An Aussie gals thoughts on the Roland Garros experience.
Grand slam tennis is incredible to watch live, no matter where you are in the world.
The quality of the tennis matches, the culture and the “tennis-friendly-ness” of the host city can all have a big impact on how much the spectators enjoy the experience, as can the weather.
Grand Slam tennis, like a lot of other things that Australians enjoy in Australia, needs to be experienced in another country in order to fully appreciate how fan friendly it is. In my opinion, by having the Australian Open as our home slam Australians are incredibly lucky, particularly in terms of ticket availability, the Melbourne Park venue and the culture of Melbourne as the host city.
The Culture of the City
Every January you can feel the buzz of the Australian Open around Melbourne. Even before the tournament starts, the Federation Square Visitor Centre and number 70 Melbourne trams gets decked out in AO branding, and promotional banners are on display around the city and at the airport.
By comparison in Paris, there was a French Open live site at l’Hôtel de Ville (a large square in the heart of Paris) from 2 to 10 June, but other than near the venue, that was the only indication I saw that there was a grand slam tournament being held there.
For the Australian Open, in order to get good seats, I always plan ahead and buy tickets online when they first come on sale, but it can still be possible to buy tickets for Rod Laver Arena and Hisense Arena during the tournament.
With the exception of the middle Saturday, which was sold out in advance in 2012, you can buy a ground pass on the day, or for the evening, which allows you to watch tennis on the outside courts or on one of the big screens, and enjoy live entertainment while soaking up the atmosphere.
For the French Open, there are less total tickets available so to spread them around an individual is limited to four tickets over the period of the tournament. The attendee name is added to each ticket and ID with the same name must be shown at the gate (which is handled very efficiently). The majority of tickets sell out early so you need to be ready to buy your tickets soon after they come on sale, or spend time watching for returns to become available on the official ticket resale website.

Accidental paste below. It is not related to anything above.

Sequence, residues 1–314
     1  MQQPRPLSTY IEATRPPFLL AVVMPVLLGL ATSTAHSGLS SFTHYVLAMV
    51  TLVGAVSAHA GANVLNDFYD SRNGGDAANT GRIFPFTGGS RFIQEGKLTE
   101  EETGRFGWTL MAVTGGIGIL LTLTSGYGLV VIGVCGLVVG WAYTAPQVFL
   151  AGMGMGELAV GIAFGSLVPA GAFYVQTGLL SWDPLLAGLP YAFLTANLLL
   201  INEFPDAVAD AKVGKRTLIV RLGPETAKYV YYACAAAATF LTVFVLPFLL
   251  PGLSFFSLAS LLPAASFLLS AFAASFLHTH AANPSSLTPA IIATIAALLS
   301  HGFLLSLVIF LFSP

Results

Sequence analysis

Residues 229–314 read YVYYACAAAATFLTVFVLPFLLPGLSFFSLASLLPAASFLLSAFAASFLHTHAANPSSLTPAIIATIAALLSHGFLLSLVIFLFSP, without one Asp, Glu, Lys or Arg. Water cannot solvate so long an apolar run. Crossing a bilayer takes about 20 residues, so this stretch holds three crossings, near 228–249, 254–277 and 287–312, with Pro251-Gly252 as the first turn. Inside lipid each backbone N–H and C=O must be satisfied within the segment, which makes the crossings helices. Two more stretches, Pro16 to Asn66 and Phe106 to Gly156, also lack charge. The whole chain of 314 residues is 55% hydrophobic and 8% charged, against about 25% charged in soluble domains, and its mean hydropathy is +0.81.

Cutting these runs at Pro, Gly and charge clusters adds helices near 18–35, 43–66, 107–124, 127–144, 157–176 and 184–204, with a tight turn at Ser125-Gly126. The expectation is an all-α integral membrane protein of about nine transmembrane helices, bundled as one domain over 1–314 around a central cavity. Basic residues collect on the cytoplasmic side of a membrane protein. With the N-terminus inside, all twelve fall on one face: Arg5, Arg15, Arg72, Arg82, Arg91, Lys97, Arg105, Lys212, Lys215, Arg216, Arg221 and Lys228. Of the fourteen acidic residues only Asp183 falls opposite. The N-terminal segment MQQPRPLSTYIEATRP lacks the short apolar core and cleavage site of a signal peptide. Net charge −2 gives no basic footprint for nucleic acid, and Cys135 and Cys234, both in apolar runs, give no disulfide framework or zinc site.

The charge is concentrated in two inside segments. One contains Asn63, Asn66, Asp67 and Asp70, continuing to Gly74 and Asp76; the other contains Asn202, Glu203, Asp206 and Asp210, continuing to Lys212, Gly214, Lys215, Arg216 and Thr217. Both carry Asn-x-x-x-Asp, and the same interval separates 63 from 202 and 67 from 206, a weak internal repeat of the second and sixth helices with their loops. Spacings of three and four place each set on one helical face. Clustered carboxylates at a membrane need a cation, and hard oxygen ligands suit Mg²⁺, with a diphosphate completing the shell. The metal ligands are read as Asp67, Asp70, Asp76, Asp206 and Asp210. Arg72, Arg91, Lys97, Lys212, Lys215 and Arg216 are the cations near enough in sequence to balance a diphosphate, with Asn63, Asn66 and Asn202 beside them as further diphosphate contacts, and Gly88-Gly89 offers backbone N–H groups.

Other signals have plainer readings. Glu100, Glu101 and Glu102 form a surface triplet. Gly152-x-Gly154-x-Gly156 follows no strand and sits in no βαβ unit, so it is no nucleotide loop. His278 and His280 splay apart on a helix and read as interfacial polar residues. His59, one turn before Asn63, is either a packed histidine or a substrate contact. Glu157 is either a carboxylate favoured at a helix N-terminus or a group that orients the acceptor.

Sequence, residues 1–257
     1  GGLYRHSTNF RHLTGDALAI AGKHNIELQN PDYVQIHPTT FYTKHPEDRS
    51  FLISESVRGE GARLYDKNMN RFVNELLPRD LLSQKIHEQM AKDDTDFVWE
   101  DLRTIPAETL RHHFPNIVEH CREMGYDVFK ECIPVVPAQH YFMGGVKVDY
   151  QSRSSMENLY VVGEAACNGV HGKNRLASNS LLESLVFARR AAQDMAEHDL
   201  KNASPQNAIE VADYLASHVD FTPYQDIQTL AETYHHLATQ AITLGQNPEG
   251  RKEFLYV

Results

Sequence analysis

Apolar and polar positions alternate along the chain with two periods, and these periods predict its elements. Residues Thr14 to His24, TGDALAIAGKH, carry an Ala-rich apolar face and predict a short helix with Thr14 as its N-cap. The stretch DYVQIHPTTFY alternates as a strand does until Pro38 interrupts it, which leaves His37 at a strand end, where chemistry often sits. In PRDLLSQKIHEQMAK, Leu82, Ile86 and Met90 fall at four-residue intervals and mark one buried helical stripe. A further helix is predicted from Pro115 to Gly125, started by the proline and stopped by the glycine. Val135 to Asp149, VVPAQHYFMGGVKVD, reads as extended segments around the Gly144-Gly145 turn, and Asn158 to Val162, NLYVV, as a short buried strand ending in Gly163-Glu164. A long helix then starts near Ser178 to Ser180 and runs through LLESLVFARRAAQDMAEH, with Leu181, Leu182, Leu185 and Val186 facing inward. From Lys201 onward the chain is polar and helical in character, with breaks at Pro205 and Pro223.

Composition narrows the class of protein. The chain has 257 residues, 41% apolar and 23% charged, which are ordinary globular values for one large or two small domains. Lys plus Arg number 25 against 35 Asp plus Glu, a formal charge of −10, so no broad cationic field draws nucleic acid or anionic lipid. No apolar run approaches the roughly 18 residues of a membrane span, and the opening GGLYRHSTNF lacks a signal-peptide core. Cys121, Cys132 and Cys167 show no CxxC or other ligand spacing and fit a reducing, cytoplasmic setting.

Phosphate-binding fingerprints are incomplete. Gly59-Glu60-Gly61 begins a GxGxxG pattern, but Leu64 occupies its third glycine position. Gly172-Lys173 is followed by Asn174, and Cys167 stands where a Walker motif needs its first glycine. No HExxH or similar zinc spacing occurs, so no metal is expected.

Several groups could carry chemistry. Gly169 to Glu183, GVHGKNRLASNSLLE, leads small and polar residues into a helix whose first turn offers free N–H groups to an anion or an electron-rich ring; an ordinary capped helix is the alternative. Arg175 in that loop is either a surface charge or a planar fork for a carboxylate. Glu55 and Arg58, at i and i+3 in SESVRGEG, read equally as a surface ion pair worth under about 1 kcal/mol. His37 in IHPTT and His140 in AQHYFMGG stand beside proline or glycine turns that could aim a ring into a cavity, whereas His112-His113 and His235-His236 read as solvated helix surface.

Melbourne Park is close to the heart of the city, making it fast and easy to get to by tram, train, taxi, bike or on foot from the CBD. Another big advantage is having two main courts with roofs and areas where spectators can either shelter from rain or enjoy the air conditioning, depending on the conditions. It’s true though that there are often freakishly hot conditions during the AO that make it uncomfortable for the spectators and players.
Fortunately there are plans underway to expand and improve the grounds at Roland Garros and have a Centre Court with a roof available in 2017.
Until then, not having any courts with a roof means that all play stops when it rains, and due to bad light late in the day. This year there were schedule disruptions due to both rain and bad light, that were tough for the players as well as the spectators. The disruptions included the Men’s Final, which was played over two days.
On the plus side for fans, while the court set up at the Australian Open allows a day’s play to be split into day and night sessions, a Roland Garros ticket for Court Philippe Chatrier or Court Suzanne Lenglen gives excellent tennis value, letting you see four matches, often two men’s and two women’s. If one or two of the matches runs long, the final match can get moved to another court, or suspended until the next day but you can still get to see a lot of tennis.
For me, the biggest difference between the Australian Open and French Open is the expanse of the grounds.
The current space at Roland Garros is limited and because of this there are only two big screens for ground pass holders to watch, and not a lot of seating to watch from. To watch the big screen at the side of Court Suzanne Lenglen you need to stand in one of the main walkways. Areas of cover where you can get out of the sun or shelter from rain are also limited.
The spectators at matches at Roland Garros often turn up after the start of the match because they are having lunch. And as hard as I tried I couldn’t figure out their clapping or booing tendencies. In Australia people clap respectfully and cheer when a good point is won, or before an important point, like break point or set point. In Paris, the crowd would join in on a random “clap clap clap” when the score was, for example, 30 all. There is also a lot of Mexican waving, to the point of exhaustion in some cases!
I was lucky to be at the Tsonga v Djokovic quarterfinal and the energy of the crowd was so incredible it lifted Tsonga back in to the match after losing the first set 6-1.
Fortunately there was enough respect for Djokovic not to boo him for beating a French favourite, unlike when Andy Murray defeated Richard Gasquet.
The “je ne sais quoi” of Paris
All differences aside, a day at Roland Garros is a wonderful experience for any tennis fan. It’s awesome to see matches played live, set against the beautiful orange clay. The venue is easily accessible via a 20-minute journey on the Metro from the city. You can shop at a local market and bring a snack pack of baguettes, croissants and fabulous French cheese. The stylishly dressed staff wish you “bon journee” (have a nice day) as you enter the grounds and there is a “je ne sais quoi” about being in Paris for the French Open that makes it really special and memorable.
I hope to be able to return in 2017 or sometime soon after to see how the updates to the venue change the spectator experience.
What was your experience at Roland Garros like?
Feel free to leave a comment and let me know.